Downloading PDF. Please wait... Issue 2766

Battling bin workers of Bexley refuse to give in 

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Issue 2766
Bexley bin workers stand firm on the picket line
Bexley bin workers stand firm on the picket line (Pic: Guy Smallman)

Bin workers in Bexley, south London, were set to launch another round of strikes next Monday, 9 August.

Around 140 Unite union members, who are employed by subcontractor Serco, walked out over pay, victimisation and outsourcing on 12 July. 

They have remained on strike since—and now plan to keep up the action until Sunday 22 August. 

Bexley council has said it will not renew Serco’s contract when it expires in October, with workers transferred to the new ­subcontractor Countrystyle Recycling on the London Living Wage of £10.85 an hour.

But the union wants Serco stripped of the contract sooner—and £13 an hour for workers. 

Unite regional officer Ruth Hydon, said, “Residents in Bexley need to brace ­themselves for further bin strikes throughout August.

“While this will cause ­further disruption, this is entirely a result of Serco ­failing to resolve ­widespread pay issues and the ­mistreatment of its workers.

“Bexley council says it is desperate for the dispute to be resolved, but if it is serious then it needs to stop hand wringing and force its ­contractor into line.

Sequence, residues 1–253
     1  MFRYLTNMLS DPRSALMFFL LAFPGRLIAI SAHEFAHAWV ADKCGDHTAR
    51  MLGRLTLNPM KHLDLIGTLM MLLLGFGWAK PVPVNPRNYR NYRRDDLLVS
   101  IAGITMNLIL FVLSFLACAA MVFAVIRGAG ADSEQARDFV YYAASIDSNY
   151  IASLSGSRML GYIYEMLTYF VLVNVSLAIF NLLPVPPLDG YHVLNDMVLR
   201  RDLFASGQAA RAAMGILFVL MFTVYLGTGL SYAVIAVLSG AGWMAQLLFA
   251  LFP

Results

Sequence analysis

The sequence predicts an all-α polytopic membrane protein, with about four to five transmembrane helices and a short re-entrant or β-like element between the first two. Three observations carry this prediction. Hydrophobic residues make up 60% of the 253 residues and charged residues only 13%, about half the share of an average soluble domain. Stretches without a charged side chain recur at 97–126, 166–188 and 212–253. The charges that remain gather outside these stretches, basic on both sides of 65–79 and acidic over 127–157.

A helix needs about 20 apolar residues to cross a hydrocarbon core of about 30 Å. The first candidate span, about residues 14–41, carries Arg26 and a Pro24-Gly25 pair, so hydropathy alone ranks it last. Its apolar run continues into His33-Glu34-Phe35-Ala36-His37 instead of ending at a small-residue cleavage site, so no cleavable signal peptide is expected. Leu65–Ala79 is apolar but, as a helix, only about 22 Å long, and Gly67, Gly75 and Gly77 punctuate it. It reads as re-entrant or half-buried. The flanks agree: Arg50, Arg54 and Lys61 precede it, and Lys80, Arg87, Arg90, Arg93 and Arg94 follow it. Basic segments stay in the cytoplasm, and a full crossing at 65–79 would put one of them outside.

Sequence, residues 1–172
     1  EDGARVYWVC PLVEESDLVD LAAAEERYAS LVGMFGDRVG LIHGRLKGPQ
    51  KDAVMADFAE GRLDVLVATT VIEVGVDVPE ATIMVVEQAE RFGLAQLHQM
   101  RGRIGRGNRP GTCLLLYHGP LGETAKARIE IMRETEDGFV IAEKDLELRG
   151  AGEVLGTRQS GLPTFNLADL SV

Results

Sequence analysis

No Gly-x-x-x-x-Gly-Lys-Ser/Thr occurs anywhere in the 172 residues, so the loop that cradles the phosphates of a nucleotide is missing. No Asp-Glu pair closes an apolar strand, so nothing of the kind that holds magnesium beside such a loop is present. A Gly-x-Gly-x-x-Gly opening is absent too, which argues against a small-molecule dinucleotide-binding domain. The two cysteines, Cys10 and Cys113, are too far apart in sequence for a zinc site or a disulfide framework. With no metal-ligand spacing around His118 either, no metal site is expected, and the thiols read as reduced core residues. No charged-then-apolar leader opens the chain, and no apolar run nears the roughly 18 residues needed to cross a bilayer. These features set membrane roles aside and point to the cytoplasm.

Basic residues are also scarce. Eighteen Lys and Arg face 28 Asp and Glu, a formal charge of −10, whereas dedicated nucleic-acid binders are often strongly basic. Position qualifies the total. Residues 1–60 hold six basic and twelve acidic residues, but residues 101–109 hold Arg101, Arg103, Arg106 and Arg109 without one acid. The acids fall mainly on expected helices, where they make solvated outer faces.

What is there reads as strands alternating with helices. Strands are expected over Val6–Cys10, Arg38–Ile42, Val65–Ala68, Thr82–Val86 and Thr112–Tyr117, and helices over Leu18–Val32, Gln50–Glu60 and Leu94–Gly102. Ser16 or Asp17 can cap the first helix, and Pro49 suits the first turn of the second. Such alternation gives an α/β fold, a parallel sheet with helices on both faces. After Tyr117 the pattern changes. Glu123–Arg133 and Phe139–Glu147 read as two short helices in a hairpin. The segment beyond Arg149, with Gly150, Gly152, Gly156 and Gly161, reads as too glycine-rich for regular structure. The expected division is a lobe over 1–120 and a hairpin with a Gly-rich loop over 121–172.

“Bexley outsourced this contract to Serco and it can’t now pretend that this dispute isn’t of its own making. 

“Until action is taken on the grossly unfair pay disparities and action is taken to stop Serco managers victimising workers through its drug testing policies, strikes will continue.”


Meanwhile, the Unite union suspended two walkouts by traffic wardens in Ealing, west London, set for Monday.

Some 45 traffic ­wardens—who work for subcontractor Serco—have been striking over union rights and an absence policy since early May. 

Unite says bosses were “offering severance ­agreements” to reps and members “in order to ­undermine collective consultation and also over the company’s refusal to ­negotiate on their absence policy.

They were set to begin the latest two week period of strikes on Monday, but the first two days were called suspended. 

This follows talks at ­government conciliation ­service Acas. 

Unite says the ­suspension was to “secure a written agreement with Serco on ­bullying and harassment”. 

And to secure a “formal agreement that the company’s absence policy” is only used as an absolute last resort to dismiss a worker”. 

But the union warned that, if an agreement wasn’t reached, workers would walk out on Wednesday until Sunday 15 August. 

Meanwhile, council workers are being urged to reject a “woeful” pay offer of 1.75 percent.

The offer—made by bosses in the Local Government Association—is below inflation, making it effectively a real terms pay cut.

It is also well short of the 10 percent increase demanded by unions Unison, Unite and the GMB.

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